The common assessment that we're cave-people with computers is apropos and immediately calls into question both real and a perceived weakness in unconsciousness and collective napping. Whether it was the warm and humid savanna and the Serengeti of Africa or the cold and damp caves of Eurasia, a primal fear of being anally raped and eaten must have been profoundly influential in our social and psychological developments. Truth is, some probably still go to sleep at night with the fear of being anally raped and eaten. Especially in unreasonable and irrational Red states...
The burials of the Qafzeh–Skhul early modern humans in Israel 100 ka were probably sentimental and not utilitarian (i.e., because of the smell). Graves are quite old and making a bed or nest-building extends to the great and not-so-great apes. I'm a little dismayed that the current literature (e.g., "The effects of the tree-to-ground sleep transition in the evolution of cognition in early Homo" by Frederick L.Coolidge and Thomas Wynn. Before Farming: the archaeology and anthropology of hunter-gatherers. 2006, 4: 1-11), mentions “predation risk” or fear of getting eaten (along with the associated falling out of trees), yet refrains from discussing anxiety arising from a concern of being anally raped. I'm sure getting a good night's sleep immensely contributed to Homo cognition and the fact that we share REM sleep with canines only means that dogs too are scared of being anally raped and eaten in their sleep. I mean, I don't wish to make a big deal about the fear of being anally raped and eaten, but sleep and death are connected in the Way, Way Back Big Picture. Difference is, for a seasoned time, sleep ends and wakefulness is the gift of life (though, of course, along with a continued fear of being anally raped). BTW, if I had to guess I'd advance that your dog wants steak ...and doesn't want to be anally raped and eaten. Just saying...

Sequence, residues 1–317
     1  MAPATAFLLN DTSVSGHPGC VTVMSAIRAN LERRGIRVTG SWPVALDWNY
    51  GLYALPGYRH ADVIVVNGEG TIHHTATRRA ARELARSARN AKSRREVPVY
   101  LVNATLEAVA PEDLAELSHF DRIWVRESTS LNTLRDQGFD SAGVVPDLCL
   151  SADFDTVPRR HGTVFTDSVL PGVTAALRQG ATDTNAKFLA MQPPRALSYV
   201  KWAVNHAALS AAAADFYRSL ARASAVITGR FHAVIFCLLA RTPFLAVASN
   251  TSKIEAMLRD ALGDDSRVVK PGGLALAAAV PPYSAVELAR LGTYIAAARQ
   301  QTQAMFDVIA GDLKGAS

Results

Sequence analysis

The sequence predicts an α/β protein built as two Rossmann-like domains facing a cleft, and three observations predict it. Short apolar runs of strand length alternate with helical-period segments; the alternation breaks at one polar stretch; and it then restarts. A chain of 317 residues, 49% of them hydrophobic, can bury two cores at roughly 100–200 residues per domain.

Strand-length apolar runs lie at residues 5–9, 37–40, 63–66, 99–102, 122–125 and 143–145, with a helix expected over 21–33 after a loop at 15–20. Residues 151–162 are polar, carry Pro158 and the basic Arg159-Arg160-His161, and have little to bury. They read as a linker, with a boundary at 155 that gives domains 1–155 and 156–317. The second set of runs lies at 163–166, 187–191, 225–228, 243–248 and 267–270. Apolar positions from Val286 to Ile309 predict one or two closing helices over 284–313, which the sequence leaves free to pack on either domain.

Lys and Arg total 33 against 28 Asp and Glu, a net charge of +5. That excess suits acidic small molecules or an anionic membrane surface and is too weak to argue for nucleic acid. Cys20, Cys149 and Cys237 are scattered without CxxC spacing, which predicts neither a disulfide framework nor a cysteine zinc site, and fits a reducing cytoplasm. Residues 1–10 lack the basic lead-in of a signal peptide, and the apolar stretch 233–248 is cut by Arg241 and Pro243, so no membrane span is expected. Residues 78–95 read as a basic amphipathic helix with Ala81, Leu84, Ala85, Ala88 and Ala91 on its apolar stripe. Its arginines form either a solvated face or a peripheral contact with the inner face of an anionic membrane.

In historical times textual aids were introduced to assist the dying and the dead. The ancient Egyptians had their magical funerary texts, the various versions of the Book of the Dead (“rw nw prt m hrw" or the "Book of Coming Forth by Day"), to guide the “soul” through the realm of the dead, as well as the later (New Kingdom period) afterlife travelogues, the "Books of the Netherworld," that is, the Book of Gates, the Book of Caverns, and the Amduat or "That Which Is In the Afterworld." The physical texts were magical prophylactics to prevent souls from getting lost in Duat (d3.t ≈ Amenta, lit. "the west"), however, lost or “found” or Heaven or Hell is tendentiously irrelevant as the souls were “dead,” as in ...well, dead. Yeah, calling moot and moving on.